Dartford Warbler, Ben Hall (rspb-images-com). One of the species shown by the study to be using protected areas to help its northwards spread.
In this paper, we were able to show the absolutely crucial role of protected areas in these northwards movements. On average, when arriving in new locations, species as varied as birds, beetles and spiders were around four times more likely to colonise protected areas than might be expected, given how much of the land surface they cover. And yes, we did account for any differences in recording effort between protected areas and other places! For seven species of birds and butterflies that we were able to study in the greatest detail, 40% of new colonisations occurred in the 8.4 per cent of the land that was protected, even though those sites hadn’t originally been protected for those species.
So, here is convincing proof that these sites will remain crucially important under climate change. Even if the composition of species within them may change, they remain the most important parts of the landscape for our most picky and vulnerable species.
Interestingly, despite the overwhelming importance of protected areas, the paper found that some sites which are not currently protected were also important. It will be crucial to assess these sites, and protect them where appropriate, if we are to complete the network called for in the Making Space for Nature and achieve the landscape-scale conservation that will be so crucial to helping our wildlife adapt to the challenge of climate change.
Perhaps this isn’t surprising, but it’s always good to have the data to prove the apparently obvious! So, a huge thank you to everyone who submits their records and makes these analyses possible! And it provides another good reason to make sure that we cherish our protected areas across the UK, and that we have the resources to look after and manage them properly.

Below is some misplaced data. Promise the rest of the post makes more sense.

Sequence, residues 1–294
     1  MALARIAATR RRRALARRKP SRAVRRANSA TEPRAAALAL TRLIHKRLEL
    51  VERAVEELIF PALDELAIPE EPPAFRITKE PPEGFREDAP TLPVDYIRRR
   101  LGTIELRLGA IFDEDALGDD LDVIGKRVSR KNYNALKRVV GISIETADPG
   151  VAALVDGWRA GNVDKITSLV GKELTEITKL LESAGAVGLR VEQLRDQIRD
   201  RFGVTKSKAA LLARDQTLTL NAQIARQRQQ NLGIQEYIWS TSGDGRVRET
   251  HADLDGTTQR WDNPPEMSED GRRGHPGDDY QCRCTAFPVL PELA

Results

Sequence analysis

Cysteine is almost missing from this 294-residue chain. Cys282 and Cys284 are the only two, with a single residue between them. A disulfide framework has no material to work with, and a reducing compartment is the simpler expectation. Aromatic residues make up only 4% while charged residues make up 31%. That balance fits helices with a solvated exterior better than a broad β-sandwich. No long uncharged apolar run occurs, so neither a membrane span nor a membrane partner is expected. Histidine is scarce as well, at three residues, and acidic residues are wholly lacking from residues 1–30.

Have you noticed nature changing in ways which might be caused by climate change? If so, please do share your experiences below.
I am now on holiday. While there may be the odd guest blog appearing here, it is likley to be a quiet fortnight. Normal blog service will resume on 28 August.
In honour of the Olympics, I have invited our London team to provide an insight into the wildlife and our work in our capital city. So, if you need a break from watching badminton, basketball or beach volleyball (can you ever tire of beach volleyball?), here's a glimpse of what will still be there long after the Games moves on to Rio...
Old father Thames has been a bit neglected of late. His beard’s full of crumbs and dust, and his regal clothes are a bit tatty and torn. Remember poor old David Walliam’s stomach churning swim from its source?
The river was spruced up a bit for the Jubilee celebrations, and didn’t Beckham look like a kid surrounded by presents on Christmas Day as he steered that speedboat under Tower Bridge?
An aerial view of London (Inc Canary Wharf) from the east. Photo credit: Rolf Williams
Slip past the new cable-car crossing down to the shiny silvery gates of the Thames barrier, then the slug-brown waters of the river pretty much ebb and flow from many people’s minds; resurfacing briefly weekdays as the drumbeats of Eastenders imposes those ox-bow bends onto our conscience.
The Thames has so much to offer. In its impenetrable waters there are porpoises, sea-horses, eels and mussels. Its fields of sea-grass absorb more carbon than forests of equal size. It’s still very much a working river, being the UK’s second busiest port. It supports commercial fishing operations, water sports and includes two of Europe’s busiest shipping lanes.
Its banks harbour gas terminals, power stations, salt marshes, mud flats, fish nurseries and unique habitats that make it of global importance for wildlife. Culturally it’s inspired Dickens, Mary Shelley and was described by John Burns, the late 19th and early 20th century trade unionist and politician as ”liquid history".
The Roman’s used it, Viking’s stormed up it, the Windrush docked at Tilbury and it was vital during both World Wars. It remains a gateway to the UK for goods, services, people and of course, lots of wildlife.